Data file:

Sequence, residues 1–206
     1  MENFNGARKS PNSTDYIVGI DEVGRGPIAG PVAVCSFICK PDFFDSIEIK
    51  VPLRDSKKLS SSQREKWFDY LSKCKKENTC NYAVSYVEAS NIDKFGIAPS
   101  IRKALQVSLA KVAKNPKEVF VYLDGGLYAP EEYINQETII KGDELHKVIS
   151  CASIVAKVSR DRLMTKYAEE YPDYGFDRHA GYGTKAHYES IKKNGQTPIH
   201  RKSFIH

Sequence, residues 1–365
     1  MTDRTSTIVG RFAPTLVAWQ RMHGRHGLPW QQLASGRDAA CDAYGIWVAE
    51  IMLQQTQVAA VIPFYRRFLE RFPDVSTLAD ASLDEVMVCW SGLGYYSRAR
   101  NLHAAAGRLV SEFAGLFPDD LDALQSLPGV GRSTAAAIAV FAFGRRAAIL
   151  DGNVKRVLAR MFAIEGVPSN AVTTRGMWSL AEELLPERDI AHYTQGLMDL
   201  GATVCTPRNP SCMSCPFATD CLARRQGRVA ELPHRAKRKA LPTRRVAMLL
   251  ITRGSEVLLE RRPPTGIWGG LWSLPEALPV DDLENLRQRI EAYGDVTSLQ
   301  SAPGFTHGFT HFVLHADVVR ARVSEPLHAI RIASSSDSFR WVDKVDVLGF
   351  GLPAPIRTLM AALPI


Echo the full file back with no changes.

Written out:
Sequence, residues 1–206
     1  MENFNGARKS PNSTDYIVGI DEVGRGPIAG PVAVCSFICK PDFFDSIEIK
    51  VPLRDSKKLS SSQREKWFDY LSKCKKENTC NYAVSYVEAS NIDKFGIAPS
   101  IRKALQVSLA KVAKNPKEVF VYLDGGLYAP EEYINQETII KGDELHKVIS
   151  CASIVAKVSR DRLMTKYAEE YPDYGFDRHA GYGTKAHYES IKKNGQTPIH
   201  RKSFIH

Sequence, residues 1–365
     1  MTDRTSTIVG RFAPTLVAWQ RMHGRHGLPW QQLASGRDAA CDAYGIWVAE
    51  IMLQQTQVAA VIPFYRRFLE RFPDVSTLAD ASLDEVMVCW SGLGYYSRAR
   101  NLHAAAGRLV SEFAGLFPDD LDALQSLPGV GRSTAAAIAV FAFGRRAAIL
   151  DGNVKRVLAR MFAIEGVPSN AVTTRGMWSL AEELLPERDI AHYTQGLMDL
   201  GATVCTPRNP SCMSCPFATD CLARRQGRVA ELPHRAKRKA LPTRRVAMLL
   251  ITRGSEVLLE RRPPTGIWGG LWSLPEALPV DDLENLRQRI EAYGDVTSLQ
   301  SAPGFTHGFT HFVLHADVVR ARVSEPLHAI RIASSSDSFR WVDKVDVLGF
   351  GLPAPIRTLM AALPI